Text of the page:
Antique Hudson River Valley School Painting, The Kosciusko Monument at West Point
Attributed to Edmund C. Coates (1816-1871)
The painting, A View of West Point and the Kosciusko Monument, mounted within a gilt frame,
shows the gated Kosciusko Monument at the upper left, with the secondary focus being the
Hudson River dotted with sailboats and a steamer, and a tertiary focus…two women strolling in
the foreground as sheep graze to their right. Kosciuszko's Monument honors Polish General
Tadeusz Kosciuszko at the United States Military Academy at West Point, New York.
Kosciuszko designed the defenses of the West Point garrison (1778–1780) during the height of
the Revolutionary War, when George Washington considered West Point to be the most
important military post in America. The pedestal and shaft of the monument was first proposed
in 1825 by John Latrobe and was dedicated in 1828.
The painting was exhibited at the U.S. Department of State, Art in Embassies Program.
(Minor retouch lined and remounted on newer stretcher. Frame: 32" x 24.25" view: 27.25" x 19.5")
Historic Nineteenth Century Painting of Libby Prison, Richmond, Virginia
Signed R. Russell, 99
The painting shows a front & right-side view of the infamous Libby Prison used to house
Union officers captured by the Confederacy; a Confederate flag flies over the prison.
The 3-story brick prison, formally a warehouse located on Tobacco Row near the James
River became a hospital and prison in 1861; in 1862 it became an officer’s prison. There
were 8 rooms with low ceilings measuring 103' x 42'. Prisoners were held on the 2nd
and 3rd floors of the dank, crowded facility.
The painting, by a naïve hand, is signed in the lower left corner; the signature reads “R.
Russell 99”. The clothing worn by pedestrians appears to be of the Civil War period. In
1889 the building was dismantled and moved to Chicago where it was rebuilt to serve
as a Civil War museum however it soon failed and was again dismantled…its pieces
sold as souvenirs.
The frame has a few small losses to gesso; painting shows age and would benefit from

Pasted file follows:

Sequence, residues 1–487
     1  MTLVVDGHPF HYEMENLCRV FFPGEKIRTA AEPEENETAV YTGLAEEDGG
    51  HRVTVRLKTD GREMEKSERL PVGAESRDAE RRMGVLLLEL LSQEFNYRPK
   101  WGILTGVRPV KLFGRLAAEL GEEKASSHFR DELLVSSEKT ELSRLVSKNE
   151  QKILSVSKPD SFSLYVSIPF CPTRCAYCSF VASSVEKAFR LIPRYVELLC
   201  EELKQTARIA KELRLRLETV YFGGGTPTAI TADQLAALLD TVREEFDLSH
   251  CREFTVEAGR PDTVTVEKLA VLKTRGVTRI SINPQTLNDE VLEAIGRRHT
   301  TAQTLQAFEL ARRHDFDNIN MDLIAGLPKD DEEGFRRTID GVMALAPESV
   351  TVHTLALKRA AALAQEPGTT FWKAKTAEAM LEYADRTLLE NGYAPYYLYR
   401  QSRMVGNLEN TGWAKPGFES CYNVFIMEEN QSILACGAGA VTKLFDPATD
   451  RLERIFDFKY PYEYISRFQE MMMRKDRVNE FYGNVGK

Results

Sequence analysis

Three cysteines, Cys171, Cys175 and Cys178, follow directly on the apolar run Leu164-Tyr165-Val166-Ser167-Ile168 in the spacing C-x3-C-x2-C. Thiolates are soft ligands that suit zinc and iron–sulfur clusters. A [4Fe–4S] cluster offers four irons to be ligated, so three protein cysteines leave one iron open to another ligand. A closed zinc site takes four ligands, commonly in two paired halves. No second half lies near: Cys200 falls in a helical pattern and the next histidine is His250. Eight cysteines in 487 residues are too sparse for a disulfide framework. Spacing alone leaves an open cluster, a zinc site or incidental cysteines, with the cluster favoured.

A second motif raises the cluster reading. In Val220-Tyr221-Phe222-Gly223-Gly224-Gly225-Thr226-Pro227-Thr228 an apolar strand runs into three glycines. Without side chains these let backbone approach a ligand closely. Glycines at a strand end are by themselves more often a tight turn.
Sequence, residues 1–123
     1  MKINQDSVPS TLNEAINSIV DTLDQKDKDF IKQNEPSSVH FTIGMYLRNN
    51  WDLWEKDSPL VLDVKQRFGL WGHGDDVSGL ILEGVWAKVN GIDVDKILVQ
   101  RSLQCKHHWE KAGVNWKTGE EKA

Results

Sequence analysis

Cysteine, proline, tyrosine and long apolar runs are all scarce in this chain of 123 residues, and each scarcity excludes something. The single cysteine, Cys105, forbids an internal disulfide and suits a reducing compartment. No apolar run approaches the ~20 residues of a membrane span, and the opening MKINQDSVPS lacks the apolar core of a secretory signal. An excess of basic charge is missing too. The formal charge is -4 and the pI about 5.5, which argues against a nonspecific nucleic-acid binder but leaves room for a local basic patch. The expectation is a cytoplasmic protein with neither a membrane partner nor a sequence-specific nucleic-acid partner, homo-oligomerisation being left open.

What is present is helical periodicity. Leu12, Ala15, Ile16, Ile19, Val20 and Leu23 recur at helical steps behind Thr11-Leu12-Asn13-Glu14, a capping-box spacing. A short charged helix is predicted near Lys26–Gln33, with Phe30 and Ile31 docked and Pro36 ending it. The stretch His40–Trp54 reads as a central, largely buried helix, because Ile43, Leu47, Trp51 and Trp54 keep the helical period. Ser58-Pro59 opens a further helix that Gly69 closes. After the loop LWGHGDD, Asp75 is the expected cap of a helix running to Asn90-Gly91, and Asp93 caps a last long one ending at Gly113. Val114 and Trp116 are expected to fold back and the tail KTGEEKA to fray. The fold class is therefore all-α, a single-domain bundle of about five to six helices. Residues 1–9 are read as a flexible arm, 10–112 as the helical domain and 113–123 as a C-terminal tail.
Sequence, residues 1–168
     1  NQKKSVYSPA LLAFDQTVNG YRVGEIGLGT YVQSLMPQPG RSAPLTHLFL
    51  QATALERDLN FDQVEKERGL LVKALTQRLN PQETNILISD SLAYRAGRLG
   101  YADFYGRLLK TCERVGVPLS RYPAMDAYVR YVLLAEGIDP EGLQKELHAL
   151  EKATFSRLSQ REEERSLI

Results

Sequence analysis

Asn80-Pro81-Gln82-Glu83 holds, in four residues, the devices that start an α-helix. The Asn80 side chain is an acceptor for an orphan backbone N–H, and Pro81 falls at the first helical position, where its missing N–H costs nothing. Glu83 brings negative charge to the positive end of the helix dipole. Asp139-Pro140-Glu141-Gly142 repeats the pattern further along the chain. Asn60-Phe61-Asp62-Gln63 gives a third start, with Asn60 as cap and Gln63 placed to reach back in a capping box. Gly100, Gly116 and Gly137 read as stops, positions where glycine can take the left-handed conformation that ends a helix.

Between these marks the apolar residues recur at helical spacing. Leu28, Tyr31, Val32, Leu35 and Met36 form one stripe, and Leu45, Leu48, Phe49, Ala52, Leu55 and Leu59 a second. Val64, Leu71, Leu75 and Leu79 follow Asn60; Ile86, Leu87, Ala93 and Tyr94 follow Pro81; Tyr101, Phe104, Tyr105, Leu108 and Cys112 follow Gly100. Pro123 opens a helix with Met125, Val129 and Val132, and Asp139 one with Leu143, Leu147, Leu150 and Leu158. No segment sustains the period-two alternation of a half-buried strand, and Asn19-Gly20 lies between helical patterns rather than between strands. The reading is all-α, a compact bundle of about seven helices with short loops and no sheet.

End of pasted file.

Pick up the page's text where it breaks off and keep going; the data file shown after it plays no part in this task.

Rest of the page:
a cleaning. There are two small areas of fill; a horizontal tear along the right side of
building was repaired when the canvas was lined. The period frame measures 30" x
24", view area: 23.5" x 17.5".
( 1310-60 ) 
General Meade's Headquarters, 19th Century Painting, Winter Scene
Signed, J.E. Schell, 1886
Oil on Academy Board
Somewhat accurate, somewhat fantasy when compared to Gettysburg images.
(Excellent condition, professionally mounted and sealed; period frame; Frame: 17.25" x 13.5"; view: 12.5" x 8.75")
Watercolor, Civil War Union Artillery Soldier at Cannon, Overlooking Fort
Signed C. Joeckel 1866
Watercolor, Ink, Gold Powder Paint
Uniformed light artillery soldier, with the soldier depicted, most likely Joeckel himself. The soldier's facial image is applied and painted from a photograph, and then merged by a skilled hand. Soldier is wearing a shako and posed at cannon beneath tree flying American flag atop grass covered bluff overlooking harbor. Fort flies American colors; and in the distance is seen a side-wheeler flying the American flag; a lighthouse and mountains complete this waterscape/landscape. The work which retains strong and bright pigment is mounted within a period gilt frame that measures 29.25 by 22.75"; view area: 24.25 by 17.75".
Charles Joeckel was a 34-year-old who enlisted in Boston, Massachusetts on 12/31/1864 into the U.S. Army Batty K, 3rd Light Artillery as a Private. He mustered out as a Sergeant on 12/31/1867, also in Boston. Joeckel enlisted near the end of the war and was a bit long-of-tooth at 34 years old. With Ft Warren being in Boston Harbor, and Ft Independence being in South Boston, one of these forts is likely be the subject of this watercolor. Fort has also been tentatively identified as West Point. Someone who has studied the fort architecture contemporary to the execution of the watercolor may be able to provide and absolute location. Joeckel is assigned to the Regular Army rather than a specific state, which would help explain why he did not muster out at the end of the war as did most soldiers, but instead remained for his full 3-year enlistment. His home is credited as Sandisfield, Massachusetts.
Antique Drawing, High Angle View of the Hudson River from West Point Academy
Unknown Artist, 19th Century…Grisaille [graphite drawing]
A bird’s eye view displaying mountainous landscape, architecture, sailing vessels including a
sidewheeler; a bridge and locomotive. The work is mounted within a bird’s eye maple
frame with gilt liner; 39" x 30.5".
Painting, American Folk, Riverscape, Landscape, Train, Paddlewheel Boat
Anonymous, Circa 1890, Likely New York State
(Re-stretched, modern frame; frame: 22.5 by 18.5”, sight-size: 15 by 11.5”)
Ship Flying American Flag Painting on Linen, Anonymous, Circa 1870
Watercolor and ink
(Not examined out of frame; frame: 27 by 15.5”, sight-size: 22 by 10.5”)
Watercolor, View of Algiers in Barbary, American Ships in Harbor, Naval History
Anonymous, inscription in margin identifying United States, Java & Constitution
Superbly executed composition
(Free floated, expert paper repairs limited to mountain and sky; not terribly distracting; frame: 18.75 by 27", sight-size: 16.75 by 25")